Much could be done to help state budgets and reduce unemployment. None of them will happen.
Business Week reports that President Obama is considering seeking aid for state unemployment insurance programs burdened by debt because of high unemployment rates. At the margin, no complaints here about the idea, but it's fairly limited in scope and may not make that much of a difference.
The President is likely to encounter a political problem here because his proposed policy may well prevent things from getting worse without actually generating significant gains in employment or the condition of state finances. So he will encounter the same difficulty he experienced when he passed his $800 billion fiscal stimulus bill in 2009: he will be in the invidious position of trying to prove a negative (i.e. "things would have been much worse had we not passed this legislation"). Meanwhile, the GOP will have a field day touting the proposal as yet another instance of "kicking the can down the road" at the expense of far greater debt for our grandchildren.
In an ideal world (you know, the one where Democrats actually had control of both houses of Congress and acted like, well, Democrats, rather than the GOP Lite), there are any number of state aid programs that could take effect instantly and actually do much to generate higher levels of employment. The only prerequisite is the need for the federal government to start making serious investments. A few examples:
1) Start by making sure state and local governments do not lay off workers or cut back on vital programs, which avoids big losses to communities and helps local government to fight the recession.
2) Add emergency revenue sharing to states and cities by picking up increased shares of Medicaid, which has suffered drastic cuts in eligibility and coverage, and enables states to restore benefits to more people, which relieves household budgets.
3) Have government temporarily pay most of the cost of COBRA coverage for laid off people who lose their health insurance, and allow people over age 55 to buy into Medicare.
4) Expand unemployment insurance to cover part-time workers, extend the eligibility period, and increase benefit levels.
5) Roll back tuitions at state universities and community colleges, and increase Pell Grants -- contingent on universities not increasing costs to students -- which enables young people to spend the recession in college, rather than clogging unemployment rolls or graduating with huge debt burdens.
Why does the current political climate make measures that would help grow the economy non-starters? There is still an inability to understand that irrespective of one's views about the role of government (its scope, size, etc.), the fortunes of the non-government sector are still heavily dependent on the conduct of fiscal policy. The GOP and the allies in the Tea Party want to pursue budget surpluses as an expression of their ideological preference for small government. But they fail to spell out the consequences of that choice and what it means for the private domestic sector. Whether we like it or not, in a modern monetary system the fortunes of government and the non-government sector are intrinsically related.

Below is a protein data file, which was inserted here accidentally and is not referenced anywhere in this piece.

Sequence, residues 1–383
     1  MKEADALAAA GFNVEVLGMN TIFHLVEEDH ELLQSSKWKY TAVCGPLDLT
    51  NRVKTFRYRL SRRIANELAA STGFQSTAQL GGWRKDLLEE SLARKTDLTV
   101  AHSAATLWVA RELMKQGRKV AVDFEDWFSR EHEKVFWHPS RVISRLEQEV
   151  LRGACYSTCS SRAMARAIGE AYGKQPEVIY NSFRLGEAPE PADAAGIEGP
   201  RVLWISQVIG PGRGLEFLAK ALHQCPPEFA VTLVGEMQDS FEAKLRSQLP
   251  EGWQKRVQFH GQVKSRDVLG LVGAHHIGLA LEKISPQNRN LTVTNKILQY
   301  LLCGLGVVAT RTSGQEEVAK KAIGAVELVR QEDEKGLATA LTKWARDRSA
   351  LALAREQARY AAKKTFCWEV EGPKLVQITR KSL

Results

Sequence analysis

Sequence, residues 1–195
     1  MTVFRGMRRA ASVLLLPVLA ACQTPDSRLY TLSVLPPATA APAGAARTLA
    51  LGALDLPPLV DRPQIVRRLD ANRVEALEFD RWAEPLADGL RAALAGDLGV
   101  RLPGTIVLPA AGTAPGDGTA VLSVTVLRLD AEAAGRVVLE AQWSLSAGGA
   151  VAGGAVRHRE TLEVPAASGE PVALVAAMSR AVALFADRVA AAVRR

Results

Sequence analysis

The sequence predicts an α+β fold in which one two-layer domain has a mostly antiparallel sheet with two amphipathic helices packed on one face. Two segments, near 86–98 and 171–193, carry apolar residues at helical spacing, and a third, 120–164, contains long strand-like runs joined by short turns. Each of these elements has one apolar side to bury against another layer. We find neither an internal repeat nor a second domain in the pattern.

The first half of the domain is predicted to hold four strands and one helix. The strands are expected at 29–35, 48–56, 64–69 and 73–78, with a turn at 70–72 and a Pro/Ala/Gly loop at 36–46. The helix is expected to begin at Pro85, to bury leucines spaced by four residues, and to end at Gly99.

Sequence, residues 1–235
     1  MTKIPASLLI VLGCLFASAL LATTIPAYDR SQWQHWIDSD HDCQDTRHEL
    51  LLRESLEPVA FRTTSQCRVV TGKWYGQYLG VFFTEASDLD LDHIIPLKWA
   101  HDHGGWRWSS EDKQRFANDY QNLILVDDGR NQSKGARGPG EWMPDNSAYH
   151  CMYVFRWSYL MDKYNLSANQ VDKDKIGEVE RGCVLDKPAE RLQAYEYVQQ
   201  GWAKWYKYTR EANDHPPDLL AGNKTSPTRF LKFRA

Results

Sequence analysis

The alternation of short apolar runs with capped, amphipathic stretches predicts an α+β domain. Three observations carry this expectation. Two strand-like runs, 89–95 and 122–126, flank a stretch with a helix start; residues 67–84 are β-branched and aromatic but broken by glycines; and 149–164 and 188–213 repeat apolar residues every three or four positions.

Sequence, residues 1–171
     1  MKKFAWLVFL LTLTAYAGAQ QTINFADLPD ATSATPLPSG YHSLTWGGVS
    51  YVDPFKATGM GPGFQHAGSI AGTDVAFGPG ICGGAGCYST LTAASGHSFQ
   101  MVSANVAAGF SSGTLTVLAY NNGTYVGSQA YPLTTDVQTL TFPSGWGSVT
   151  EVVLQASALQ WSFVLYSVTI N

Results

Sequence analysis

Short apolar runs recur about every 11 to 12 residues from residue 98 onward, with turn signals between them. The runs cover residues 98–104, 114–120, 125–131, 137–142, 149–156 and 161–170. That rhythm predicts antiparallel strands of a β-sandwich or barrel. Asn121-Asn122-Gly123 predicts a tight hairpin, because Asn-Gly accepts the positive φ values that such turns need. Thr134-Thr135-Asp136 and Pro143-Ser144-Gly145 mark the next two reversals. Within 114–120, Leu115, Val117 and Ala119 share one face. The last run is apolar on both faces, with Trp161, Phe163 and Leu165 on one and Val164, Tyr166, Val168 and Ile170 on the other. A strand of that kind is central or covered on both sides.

If households try to net save by spending less than they are earning, and businesses do the same by reinvesting less than their retained earnings, then nominal incomes and real output will be likely to fall IF THE GOVERNMENT IS CUTTING BACK FISCAL STIMULUS AT THE SAME TIME. Money incomes and economic activity will tend to contract until private savings preferences are reduced (with essential goods and services taking up a larger share of household budgets as incomes fall) or until depreciation leaves businesses and households inclined to invest once again in durable assets. Common sense suggests that a drop in private income flows while private debt loads are high is an invitation to debt defaults and widespread insolvencies -- that is, unless creditors are generously willing to renegotiate existing debt contracts en masse.
That has certainly not been the case so far. In fact, our current policy can be succinctly summarized as "bond holders uber alles." Debts have to be repaid. (Except, of course, when it applies to unions or public sector employees, in which case renegotiation is a given.)
It's very simple: To reduce unemployment you have to increase aggregate demand. If private spending growth declines, then net public spending has to fill the gap. As Randy Wray has argued:
If we say that the government can run budget surpluses for 15 years, what we are ignoring is that this means the private sector will have to run deficits for 15 years -- going into debt that totals trillions of dollars in order to allow the government to retire its debt. Again it is hard to see why households would be better off if they owed more debt, just so that the government would owe them less.
Quite the opposite in fact: when private debt service levels reach some threshold percentage of income relative to earnings, the private sector will "run out of borrowing capacity" as incomes limit debt service. The government doesn't face comparable limits. The whole thrust of policy here should be to ensure there is sufficient growth in nominal aggregate demand consistent with the real capacity of the economy to respond and consistent with full employment. Until we understand that, we'll have to be content with the half-measures proposed by the President.
Marshall Auerback is a Senior Fellow at the Roosevelt Institute, and a market analyst and commentator.